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GeorgeGee's avatar

Do you think there's something good to be said about trying to irritate extremists with events such as the "Draw Mohammed day"?

Asked by GeorgeGee (4920points) September 7th, 2010

http://en.wikipedia.org/wiki/Everybody_Draw_Mohammed_Day
Is it perhaps the only way to fight back when extremists make death threats against cartoonists?
http://www.timesonline.co.uk/tol/news/world/europe/article2468964.ece

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54 Answers

asmonet's avatar

Why the fuck would anyone want to irritate people willing to blow themselves and you up?
Also, just because you have hurt, anger or displeasure because of their existence there is no need to ridicule someones religion. Even if it is heavily flawed, it will only serve to reinforce the bond between their own members and make them defensive, or worse – offensive.

The only appropriate way to ‘fight back’ is to decline the invitation for pettiness.

And another point, this isn’t just offensive to extremists.

Seek's avatar

Meh. It’s good for some cheap laughs. The whole thing with the Dutch cartoon was blown way out of proportion, and if you ask me, the protesters were begging for retaliation. If you’ve decided to be that easy to offend, you’re going to be offended. Silly offenses tend to take over the Internet pretty rapidly these days.

@asmonet“Why the fuck would anyone want to irritate people willing to blow themselves and you up? Also, just because you have hurt, anger or displeasure because of their existence there is no need to ridicule someones religion”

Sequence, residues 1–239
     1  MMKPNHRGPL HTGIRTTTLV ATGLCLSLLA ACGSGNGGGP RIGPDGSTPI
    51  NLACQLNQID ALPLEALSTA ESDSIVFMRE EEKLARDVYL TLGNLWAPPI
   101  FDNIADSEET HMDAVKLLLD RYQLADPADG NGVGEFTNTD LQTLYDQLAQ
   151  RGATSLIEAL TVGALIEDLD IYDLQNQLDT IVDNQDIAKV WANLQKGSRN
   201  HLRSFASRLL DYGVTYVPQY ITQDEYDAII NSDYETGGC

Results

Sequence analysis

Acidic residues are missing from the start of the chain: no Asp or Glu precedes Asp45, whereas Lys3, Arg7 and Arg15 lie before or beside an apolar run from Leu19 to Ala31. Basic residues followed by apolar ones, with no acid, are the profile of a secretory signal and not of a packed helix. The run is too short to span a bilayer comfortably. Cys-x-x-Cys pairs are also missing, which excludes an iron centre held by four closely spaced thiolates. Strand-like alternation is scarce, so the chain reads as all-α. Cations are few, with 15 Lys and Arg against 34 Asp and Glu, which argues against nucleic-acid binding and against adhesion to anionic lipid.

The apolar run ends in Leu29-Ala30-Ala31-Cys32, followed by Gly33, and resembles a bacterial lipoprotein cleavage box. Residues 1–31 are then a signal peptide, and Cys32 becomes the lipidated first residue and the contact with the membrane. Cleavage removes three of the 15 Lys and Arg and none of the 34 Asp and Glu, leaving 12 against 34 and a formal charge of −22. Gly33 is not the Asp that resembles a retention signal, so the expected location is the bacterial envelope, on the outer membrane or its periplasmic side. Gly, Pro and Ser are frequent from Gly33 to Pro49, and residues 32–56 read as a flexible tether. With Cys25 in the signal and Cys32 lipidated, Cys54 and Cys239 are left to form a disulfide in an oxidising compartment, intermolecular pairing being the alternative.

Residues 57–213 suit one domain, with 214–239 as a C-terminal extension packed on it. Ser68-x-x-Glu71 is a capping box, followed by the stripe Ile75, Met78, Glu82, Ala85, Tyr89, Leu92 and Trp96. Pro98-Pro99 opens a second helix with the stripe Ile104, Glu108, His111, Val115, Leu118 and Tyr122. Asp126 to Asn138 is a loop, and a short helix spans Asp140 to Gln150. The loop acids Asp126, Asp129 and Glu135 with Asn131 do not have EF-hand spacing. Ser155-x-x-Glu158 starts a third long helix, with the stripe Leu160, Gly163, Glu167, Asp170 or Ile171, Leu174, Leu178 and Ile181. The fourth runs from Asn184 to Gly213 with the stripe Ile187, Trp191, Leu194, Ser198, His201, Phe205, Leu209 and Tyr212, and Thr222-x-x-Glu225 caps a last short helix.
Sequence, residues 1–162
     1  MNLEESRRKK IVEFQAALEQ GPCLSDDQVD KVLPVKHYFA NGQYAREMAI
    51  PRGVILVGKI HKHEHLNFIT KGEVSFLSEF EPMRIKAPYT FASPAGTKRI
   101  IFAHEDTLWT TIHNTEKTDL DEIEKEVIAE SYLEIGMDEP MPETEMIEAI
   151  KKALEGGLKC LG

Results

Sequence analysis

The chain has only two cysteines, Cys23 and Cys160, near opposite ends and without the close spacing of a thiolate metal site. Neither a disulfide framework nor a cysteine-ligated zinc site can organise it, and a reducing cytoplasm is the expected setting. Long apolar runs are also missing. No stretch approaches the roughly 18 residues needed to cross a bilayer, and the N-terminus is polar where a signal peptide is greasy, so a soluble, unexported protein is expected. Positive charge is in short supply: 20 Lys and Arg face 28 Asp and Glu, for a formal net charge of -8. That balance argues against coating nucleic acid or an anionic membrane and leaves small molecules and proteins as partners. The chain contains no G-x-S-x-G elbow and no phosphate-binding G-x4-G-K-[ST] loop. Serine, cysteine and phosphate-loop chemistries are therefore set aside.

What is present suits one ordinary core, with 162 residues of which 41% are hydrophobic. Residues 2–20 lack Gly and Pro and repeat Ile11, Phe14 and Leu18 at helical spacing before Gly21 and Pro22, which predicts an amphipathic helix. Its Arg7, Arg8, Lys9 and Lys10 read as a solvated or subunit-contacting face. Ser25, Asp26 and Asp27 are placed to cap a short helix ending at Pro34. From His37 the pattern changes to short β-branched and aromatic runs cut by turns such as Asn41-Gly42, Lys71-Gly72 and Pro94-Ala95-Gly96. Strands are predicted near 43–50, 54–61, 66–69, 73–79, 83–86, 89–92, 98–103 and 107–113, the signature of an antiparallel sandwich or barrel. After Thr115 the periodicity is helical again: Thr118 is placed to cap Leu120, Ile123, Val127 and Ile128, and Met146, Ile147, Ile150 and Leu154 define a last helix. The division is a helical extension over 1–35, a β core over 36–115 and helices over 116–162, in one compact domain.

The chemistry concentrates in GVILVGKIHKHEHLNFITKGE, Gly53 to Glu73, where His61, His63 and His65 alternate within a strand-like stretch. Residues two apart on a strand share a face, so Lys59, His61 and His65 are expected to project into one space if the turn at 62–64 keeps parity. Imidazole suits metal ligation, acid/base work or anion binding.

There is so much wrong with this statement that I can’t even start. But, I’ll post this image. (thanks, @jeanpaulsartre for drawing it to my attention)

One could say that relating all Muslims to the ones crazy enough to blow themselves up would be ridiculing.

marinelife's avatar

No. There is a minister in Florida who is planning a “burn the quran” day. Military leaders have already said this is likely to backfire and endanger troops overseas.

Seek's avatar

@marinelife Frickin’ Gainesville. This is the same church whose members sent their kids to school with “Death to Islam” or something like that and “Abortion is murder” shirts.

Hey, Iran! When you decide to nuke the Gainesville church, lemme know so I get GTFO in time.

asmonet's avatar

I actually edited my post before you finished composing @Seek_Kolinahr. I realized it may be better to mention directly that I’m aware of the difference. Whatever it is they believe in, it still is their religion. Ridiculing the God of extremists is offensive, it’s a perverted version from true Islam but it will still offend both groups unnecessarily.